# Print tree level by level including Empty node

Here is my code to print tree in a level by level way. It needs to print an empty node as well to keep tree structure like full binary tree for elegancy reasons.

I'm wondering if anything you think could improve, including the efficiency and not sure if any bugs (I did testing, not found bugs). I'm especially wondering if for part of code -- "print the remaining all empty leaf node part" could be optimized (I mean if any smarted way to optimize the while loop to cover all logic, and skip this code snippet especially handling the last level).

The tree I tested in this example looks like:

 1
/ \
2  3
/\ /\
4  5 6


Here is the related output:

[1]
[2, 3]
[4, '$', 5, 6] ['$', '$', '$', '$', '$', '$', '$', '$']  class Node: def __init__(self): self.value = 0 self.left = None self.right = None def printTree(root): buf = [] output = [] if not root: print '$'
else:
buf.append(root)
count = 1
nextCount = 0
while count > 0:
node = buf.pop(0)
if node:
output.append(node.value)
count -= 1
else:
output.append('$') if node and node.left: buf.append(node.left) nextCount += 1 else: buf.append(None) if node and node.right: buf.append(node.right) nextCount += 1 else: buf.append(None) if count == 0: print output output = [] count = nextCount nextCount = 0 # print the remaining all empty leaf node part for i in range(len(buf)): output.append('$')
print output

if __name__ == "__main__":
root = Node()
root.value = 1
leftNode = Node()
leftNode.value = 2
root.left = leftNode
rightNode = Node()
rightNode.value = 3
root.right = rightNode
leftleftNode = Node()
leftleftNode.value = 4
leftNode.left = leftleftNode
rightleftNode = Node()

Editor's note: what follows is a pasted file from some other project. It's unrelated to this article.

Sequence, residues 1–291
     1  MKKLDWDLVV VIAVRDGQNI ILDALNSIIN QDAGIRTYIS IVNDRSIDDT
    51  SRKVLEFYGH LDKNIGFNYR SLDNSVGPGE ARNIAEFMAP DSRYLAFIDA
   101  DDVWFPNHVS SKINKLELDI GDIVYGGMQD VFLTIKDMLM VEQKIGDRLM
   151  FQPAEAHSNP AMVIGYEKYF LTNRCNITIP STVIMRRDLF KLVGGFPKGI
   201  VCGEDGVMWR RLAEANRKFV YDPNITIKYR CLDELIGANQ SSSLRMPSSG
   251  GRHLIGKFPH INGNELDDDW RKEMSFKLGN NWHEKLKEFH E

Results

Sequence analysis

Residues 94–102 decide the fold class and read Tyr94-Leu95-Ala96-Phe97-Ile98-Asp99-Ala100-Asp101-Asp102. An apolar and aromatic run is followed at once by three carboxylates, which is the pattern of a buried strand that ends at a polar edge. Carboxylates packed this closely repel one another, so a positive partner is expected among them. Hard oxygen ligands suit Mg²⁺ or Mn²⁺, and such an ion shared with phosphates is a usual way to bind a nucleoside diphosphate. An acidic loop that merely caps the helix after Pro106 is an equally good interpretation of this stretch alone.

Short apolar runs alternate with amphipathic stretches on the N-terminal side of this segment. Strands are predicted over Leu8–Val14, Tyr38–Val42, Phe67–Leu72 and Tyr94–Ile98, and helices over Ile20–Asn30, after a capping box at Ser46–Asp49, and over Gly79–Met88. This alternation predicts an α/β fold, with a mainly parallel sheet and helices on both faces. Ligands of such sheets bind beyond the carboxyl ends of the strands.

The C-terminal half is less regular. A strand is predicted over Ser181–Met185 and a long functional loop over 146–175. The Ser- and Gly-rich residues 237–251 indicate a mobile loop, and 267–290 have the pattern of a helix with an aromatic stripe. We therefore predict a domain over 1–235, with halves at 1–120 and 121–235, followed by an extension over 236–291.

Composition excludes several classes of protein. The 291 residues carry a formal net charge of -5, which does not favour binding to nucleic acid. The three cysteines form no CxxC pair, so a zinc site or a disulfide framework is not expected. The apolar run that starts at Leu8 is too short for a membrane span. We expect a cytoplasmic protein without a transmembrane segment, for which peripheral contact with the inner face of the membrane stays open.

rightleftNode.value = 5
rightNode.left = rightleftNode
rightrightNode = Node()
rightrightNode.value = 6
rightNode.right = rightrightNode

printTree(newRoot)


A few small changes: Python has a styleguide, PEP8, which programmers are recommended to follow. One of its recommendations is to use lower_case names for both variables and functions. camelCase is also accepted, if applied consistently (which it is in your code).

Your if conditions in the while loop repeatedly check if node exists. Just put all of them in if node:. Additionally, the checks for node.left and node.right are basically identical, they can be combined by looping over for n in [node.left, node.right]:.

Whenever you do a buffer.pop(0) you probably want a collections.deque. While for lists, popping on the left is O(n) and O(1) on the right, both operations are O(1) for a deque.

Python has the nice feature of multiple assignments, allowing things like:

count, nextCount = nextCount, 0


You are always creating an instance of a node and directly afterwards you assign the value. It is better to add a parameter for the value to the class definition:

class Node:
def __init__(self, value=0):
self.value = value
self.left = None
self.right = None


With these changes I get this code:

from collections import deque

class Node:
def __init__(self, value=0):
self.value = value
self.left = None
self.right = None

def printTree(root):
buf = deque()
output = []
if not root: